Spike in Awareness

After his day of perseveration, Sam spiked a fever right before bed time: 102.6. The next morning he awoke soaked and lethargic and warm. Mommy, clean Sam’s sheets, he said, right before curling up on the couch under a blanket. He stayed home from school and as I watched him lie there all still and quiet and so not like he was even 12 hours before, I wondered if this sudden illness had something to do with his unusual afternoon.

This morning, two days later and well again, I watched as he studied John’s finger movements at the breakfast table and then brought his own fingers up and tried to position them the same way. Oh… I see. Imitation — that’s good, right?

Whatever was going on the other day, I am past it. But it sure made me realize that I’m scared. Watching Sam retreat into a place I’m not used to seeing him go really shook me up. I’ve written before how I often “forget” that Sam has autism. His autistic traits are not as obvious as his brother’s, and I’m afraid that I still expect too much of him, get frustrated too easily when he gets stuck or has a meltdown or seems like he can’t hear me.

I have secretly thought: If something were to happen to us, Sam will take care of John. But who will take care of Sam? Sometimes, realizing that both my boys have autism crashes over me like it’s the first time I’m hearing it. Like I don’t live and breathe all things autism, like my blog doesn’t contain the very word? But then it settles in again and I’m okay. A little more aware and okay.

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Today was Sam’s IEP meeting. It went well, he got what we wanted for him, but I felt inexplicably sad that we’ll be changing up his world in a pretty major way come fall. Typical preschool in the a.m., same terrific special ed. program in the afternoons but with a new teacher. We declined ESY in favor of sending him to OT camp and as a result he’ll be separated from his favorite class buddy, C, this summer. Hearing about their interactions at school nearly made me sob right then and there with doubt.

I try to recall feeling similar last year when we were about to leave the cocoon of Early Intervention, and I can. I just want him to stretch, to have new experiences, to learn flexibility. All things that I could benefit from… this is not lost on me.

12 Comments

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  • Oh, KAL, your words are so heartfelt, so honest. I’m sending you a hug tonight. Trust that the decisions you made in the IEP will lead to growth in leaps and bounds come the fall.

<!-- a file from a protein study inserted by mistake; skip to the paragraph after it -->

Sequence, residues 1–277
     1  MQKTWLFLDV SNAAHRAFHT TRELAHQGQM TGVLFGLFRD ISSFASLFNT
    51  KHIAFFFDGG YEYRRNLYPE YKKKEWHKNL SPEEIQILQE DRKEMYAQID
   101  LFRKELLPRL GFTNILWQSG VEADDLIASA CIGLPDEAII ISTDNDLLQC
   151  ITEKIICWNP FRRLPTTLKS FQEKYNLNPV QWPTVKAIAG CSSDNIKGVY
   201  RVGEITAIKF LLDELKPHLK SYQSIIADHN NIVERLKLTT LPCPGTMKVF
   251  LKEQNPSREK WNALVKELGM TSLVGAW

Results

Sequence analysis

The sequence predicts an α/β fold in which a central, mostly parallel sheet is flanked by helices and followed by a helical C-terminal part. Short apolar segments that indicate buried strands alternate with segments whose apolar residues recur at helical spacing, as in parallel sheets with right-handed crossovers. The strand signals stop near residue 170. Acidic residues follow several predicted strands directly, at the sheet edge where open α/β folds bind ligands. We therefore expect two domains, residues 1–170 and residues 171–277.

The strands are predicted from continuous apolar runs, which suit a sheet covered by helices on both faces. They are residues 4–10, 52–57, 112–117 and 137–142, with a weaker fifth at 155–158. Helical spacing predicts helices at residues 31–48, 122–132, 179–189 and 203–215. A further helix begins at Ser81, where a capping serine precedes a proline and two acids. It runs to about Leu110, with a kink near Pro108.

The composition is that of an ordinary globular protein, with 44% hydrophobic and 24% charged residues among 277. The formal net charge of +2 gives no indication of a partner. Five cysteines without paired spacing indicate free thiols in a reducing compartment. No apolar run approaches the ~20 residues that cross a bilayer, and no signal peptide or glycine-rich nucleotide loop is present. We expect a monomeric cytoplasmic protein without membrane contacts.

• Why is it that even when we get what we “want” those IEP meetings so often leave us feeling sad and unsure?

    Sending you a hug and a wish for a Happy Mother’s Day.

  • Every time my son gets a nasty cold / flu / whatever, he regresses in a scary way. But I have to keep reminding myself that he works so hard to control impulses, etc. that he must let it out when his body is otherwise feeling ill.

    It frightens me, and every time I worry he won’t “come back,” and yet he does. Still, it reminds me of how difficult it must be to “behave properly” because it takes so much energy to do so.

    Best of luck with all these transitions.

  • I’m catching up after a busy couple weeks. I’m sorry you had some tough days. That fear about someone to take care of your child is a hard one. Hope you’re doing all right.

  • Almost every major leap forward Bub has had has been preceded by a period of regression. Every time it happens I smack myself for forgetting the pattern – and then the next time I forget again.

  • I hope that by now Sam is feeling better. You are such a thoughtful mother, those beautiful boys are lucky to have you. And gorgeous photos, by the way.

  • Change is certainly a scary thing when mixed in with autism but it sounds like you’ve thought through Sam’s needs and very clearly identified what is going to work for him. The fact that you’re happy with the IEP indicates that you’ve made the right choices – not necessarily the easy ones, but the right ones for Sam. Hope the sadness passes quickly x

  • Oh dear one I know exactly how you feel, only you feel it double. I will pray for you as you and your family go through each coming change and adjustment. You sound like a wonderful mother and pray the Lord will bless you greatly for all the hard work you do on their behalf.

    Stay strong,
    Nancy

  • vicsihYour posts oftern make me cry because it could be my thoughts on my twins. I think you’re a wonderful writer.
    Hope the boys are well. Caitlin had a seizure today and Claudia (My ‘more autistic’ child) didn’t bat an eyelid! When Caitlin recovered, the first thing she said was “Where’s my Claudia?” I know what you mean about “who will look after…” , but I’m still hoping that all beit unconventionally, they WILL look after each other!
    Lots of love
    Sally

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